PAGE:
U.S. Rep. Kay Granger of Fort Worth blocked the transfer of $450 million in economic aid for Egypt’s cash-strapped new government Friday, saying she was “not convinced of the urgent need” and could not support it.
“This proposal comes to Congress at a point when the U.S.-Egypt relationship has never been under more scrutiny, and rightly so,” said Granger, the Republican chairwoman of the powerful House subcommittee on state and foreign operations.
“I am not convinced of the urgent need for this assistance and I cannot support it at this time. As chair of the subcommittee, I have placed a hold on these funds,” she said.
The State Department notified Congress on Friday that it was preparing to release the money, part of $1 billion in debt relief that President Barack Obama said the U.S. would give Egypt to stabilize its faltering economy and support its shaky transition to democracy under new President Mohammed Morsi.
Granger was named chairwoman of the subcommittee in 2011 when the GOP took control of the House.
The relationship between the countries has been rocky since President Hosni Mubarak, a U.S. ally, was overthrown last year. Egypt angered Washington when it cracked down on democracy advocates and groups this year, including three U.S.-funded nongovernmental organizations.
More recently, demonstrators breached the U.S. Embassy in Cairo to protest an anti-Islam video, and some in Congress have called for cutting off aid. The United States provides Egypt with $1.55 billion annually — $250 million in economic aid and $1.3 billion in military aid.
The cash transfer would have come from money that had already been appropriated.
Granger spokesman Matt Leffingwell said the $450 million transfer was apparently timed to bolster U.S. relations.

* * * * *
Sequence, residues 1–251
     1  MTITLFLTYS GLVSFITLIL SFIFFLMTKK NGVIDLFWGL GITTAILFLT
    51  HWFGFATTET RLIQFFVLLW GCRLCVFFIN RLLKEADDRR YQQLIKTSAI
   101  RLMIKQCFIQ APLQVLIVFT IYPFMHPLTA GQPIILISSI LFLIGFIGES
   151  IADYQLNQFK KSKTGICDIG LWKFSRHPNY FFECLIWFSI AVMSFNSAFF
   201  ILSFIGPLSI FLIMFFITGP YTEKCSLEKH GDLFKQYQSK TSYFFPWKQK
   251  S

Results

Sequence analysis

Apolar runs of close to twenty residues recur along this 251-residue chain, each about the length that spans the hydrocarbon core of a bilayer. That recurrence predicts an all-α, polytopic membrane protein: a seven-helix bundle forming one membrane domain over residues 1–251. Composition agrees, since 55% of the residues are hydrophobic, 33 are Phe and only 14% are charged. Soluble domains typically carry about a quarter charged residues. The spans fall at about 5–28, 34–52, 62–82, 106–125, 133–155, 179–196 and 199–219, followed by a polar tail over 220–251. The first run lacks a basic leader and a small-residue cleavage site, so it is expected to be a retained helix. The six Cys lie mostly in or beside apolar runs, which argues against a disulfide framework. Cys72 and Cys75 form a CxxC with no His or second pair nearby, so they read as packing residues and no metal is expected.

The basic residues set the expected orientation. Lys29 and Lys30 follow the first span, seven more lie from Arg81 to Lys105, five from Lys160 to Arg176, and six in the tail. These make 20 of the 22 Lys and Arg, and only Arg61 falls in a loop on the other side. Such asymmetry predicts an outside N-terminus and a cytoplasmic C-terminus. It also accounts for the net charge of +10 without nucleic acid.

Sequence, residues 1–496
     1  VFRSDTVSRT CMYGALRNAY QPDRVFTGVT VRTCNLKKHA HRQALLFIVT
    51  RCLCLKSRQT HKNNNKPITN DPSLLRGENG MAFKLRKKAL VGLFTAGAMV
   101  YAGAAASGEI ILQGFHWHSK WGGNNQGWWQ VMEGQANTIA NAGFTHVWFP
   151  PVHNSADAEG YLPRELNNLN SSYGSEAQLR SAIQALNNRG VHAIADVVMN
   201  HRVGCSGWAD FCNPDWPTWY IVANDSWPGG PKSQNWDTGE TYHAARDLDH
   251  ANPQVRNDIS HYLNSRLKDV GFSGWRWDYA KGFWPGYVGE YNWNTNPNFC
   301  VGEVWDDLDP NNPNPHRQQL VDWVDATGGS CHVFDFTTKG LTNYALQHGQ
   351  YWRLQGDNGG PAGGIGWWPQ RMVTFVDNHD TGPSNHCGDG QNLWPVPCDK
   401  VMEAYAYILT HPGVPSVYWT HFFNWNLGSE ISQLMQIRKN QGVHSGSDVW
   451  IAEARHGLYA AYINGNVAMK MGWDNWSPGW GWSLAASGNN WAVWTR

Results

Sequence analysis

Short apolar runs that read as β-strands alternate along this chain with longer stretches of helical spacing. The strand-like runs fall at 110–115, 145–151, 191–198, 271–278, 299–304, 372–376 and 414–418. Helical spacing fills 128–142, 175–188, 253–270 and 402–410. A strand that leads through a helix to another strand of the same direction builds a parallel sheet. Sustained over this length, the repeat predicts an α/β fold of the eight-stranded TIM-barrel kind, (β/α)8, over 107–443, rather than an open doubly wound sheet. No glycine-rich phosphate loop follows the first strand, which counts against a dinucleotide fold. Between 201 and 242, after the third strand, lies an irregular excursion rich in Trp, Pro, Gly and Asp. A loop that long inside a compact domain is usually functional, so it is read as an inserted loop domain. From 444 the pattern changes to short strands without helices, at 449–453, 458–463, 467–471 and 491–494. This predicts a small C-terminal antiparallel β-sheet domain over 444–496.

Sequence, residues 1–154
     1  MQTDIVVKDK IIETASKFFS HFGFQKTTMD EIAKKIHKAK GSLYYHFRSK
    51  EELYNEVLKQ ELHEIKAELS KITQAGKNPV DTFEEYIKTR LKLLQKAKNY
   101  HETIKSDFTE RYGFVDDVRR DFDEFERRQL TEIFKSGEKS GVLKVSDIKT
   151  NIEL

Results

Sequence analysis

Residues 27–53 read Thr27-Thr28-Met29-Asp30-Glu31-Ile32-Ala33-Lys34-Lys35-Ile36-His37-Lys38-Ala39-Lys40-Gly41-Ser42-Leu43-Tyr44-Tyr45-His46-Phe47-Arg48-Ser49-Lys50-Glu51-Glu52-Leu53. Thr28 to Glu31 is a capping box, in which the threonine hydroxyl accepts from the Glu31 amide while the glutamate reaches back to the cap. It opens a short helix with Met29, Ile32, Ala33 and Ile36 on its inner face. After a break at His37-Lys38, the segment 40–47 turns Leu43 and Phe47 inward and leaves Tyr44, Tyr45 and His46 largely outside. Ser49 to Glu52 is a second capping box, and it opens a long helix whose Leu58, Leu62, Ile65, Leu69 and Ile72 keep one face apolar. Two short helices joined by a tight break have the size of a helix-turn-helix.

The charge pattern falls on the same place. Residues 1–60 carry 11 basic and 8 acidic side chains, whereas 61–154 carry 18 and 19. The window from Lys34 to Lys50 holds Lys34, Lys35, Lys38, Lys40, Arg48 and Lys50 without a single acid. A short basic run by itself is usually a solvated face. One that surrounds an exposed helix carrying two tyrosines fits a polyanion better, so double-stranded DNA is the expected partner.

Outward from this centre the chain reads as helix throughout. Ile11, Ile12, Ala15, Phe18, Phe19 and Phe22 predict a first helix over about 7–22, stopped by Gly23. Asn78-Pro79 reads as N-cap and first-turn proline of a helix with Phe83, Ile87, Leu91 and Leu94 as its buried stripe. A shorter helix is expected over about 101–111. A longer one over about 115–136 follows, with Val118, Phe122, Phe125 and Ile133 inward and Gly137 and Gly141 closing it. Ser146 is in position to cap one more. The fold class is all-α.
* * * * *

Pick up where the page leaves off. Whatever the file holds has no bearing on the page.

“Now would not be an appropriate time,” Leffingwell said, because “we don’t know who our partners are in Egypt.”
A senior State Department official said the United States remains committed to a democratic transition in Egypt and still sees support for economic growth as vital to protecting peace and security. The official said the administration will work with Congress in the coming weeks to make the case that the budget is in the best interests of the United States.
The official was not authorized to speak publicly about the negotiations and discussed the situation on the condition of anonymity.
In December, Congress made aid for Egypt contingent on a determination that the government “is supporting the transition to civilian government including holding free and fair elections; implementing policies to protect freedom of expression, association and religion and due process of law.”
Secretary of State Hillary Clinton, in New York for the U.N. General Assembly, met Friday with a group of countries, seeking to support Middle Eastern nations moving toward democracy.
Clinton called on all U.N. countries to support these nations.
“Many of our partners are also making the difficult transition from protest to politics, and they need our support as they take on the different responsibilities of leadership,” Clinton said at the G8-Deauville Partnership with Arab Countries in Transition.
“But economic and social challenges did not disappear with the dictators,” she said.
Clinton has repeatedly warned that failing economies create openings for extremists to take advantage of grievances, particularly among the young and unemployed.
The issue of foreign aid has made an unexpected appearance in the presidential campaign.
In a speech in New York on Tuesday, Obama’s Republican challenger, Mitt Romney, called for revamping assistance to focus more on investments in the private sector than on direct aid — a shift that administration officials have said is under way.
While Romney did not directly address aid to Egypt, he cited Morsi’s membership in the Muslim Brotherhood as one of the alarming developments in the Middle East, along with the war in Syria, Iran’s pursuit of nuclear weapons and the killing of the U.S. ambassador to Libya.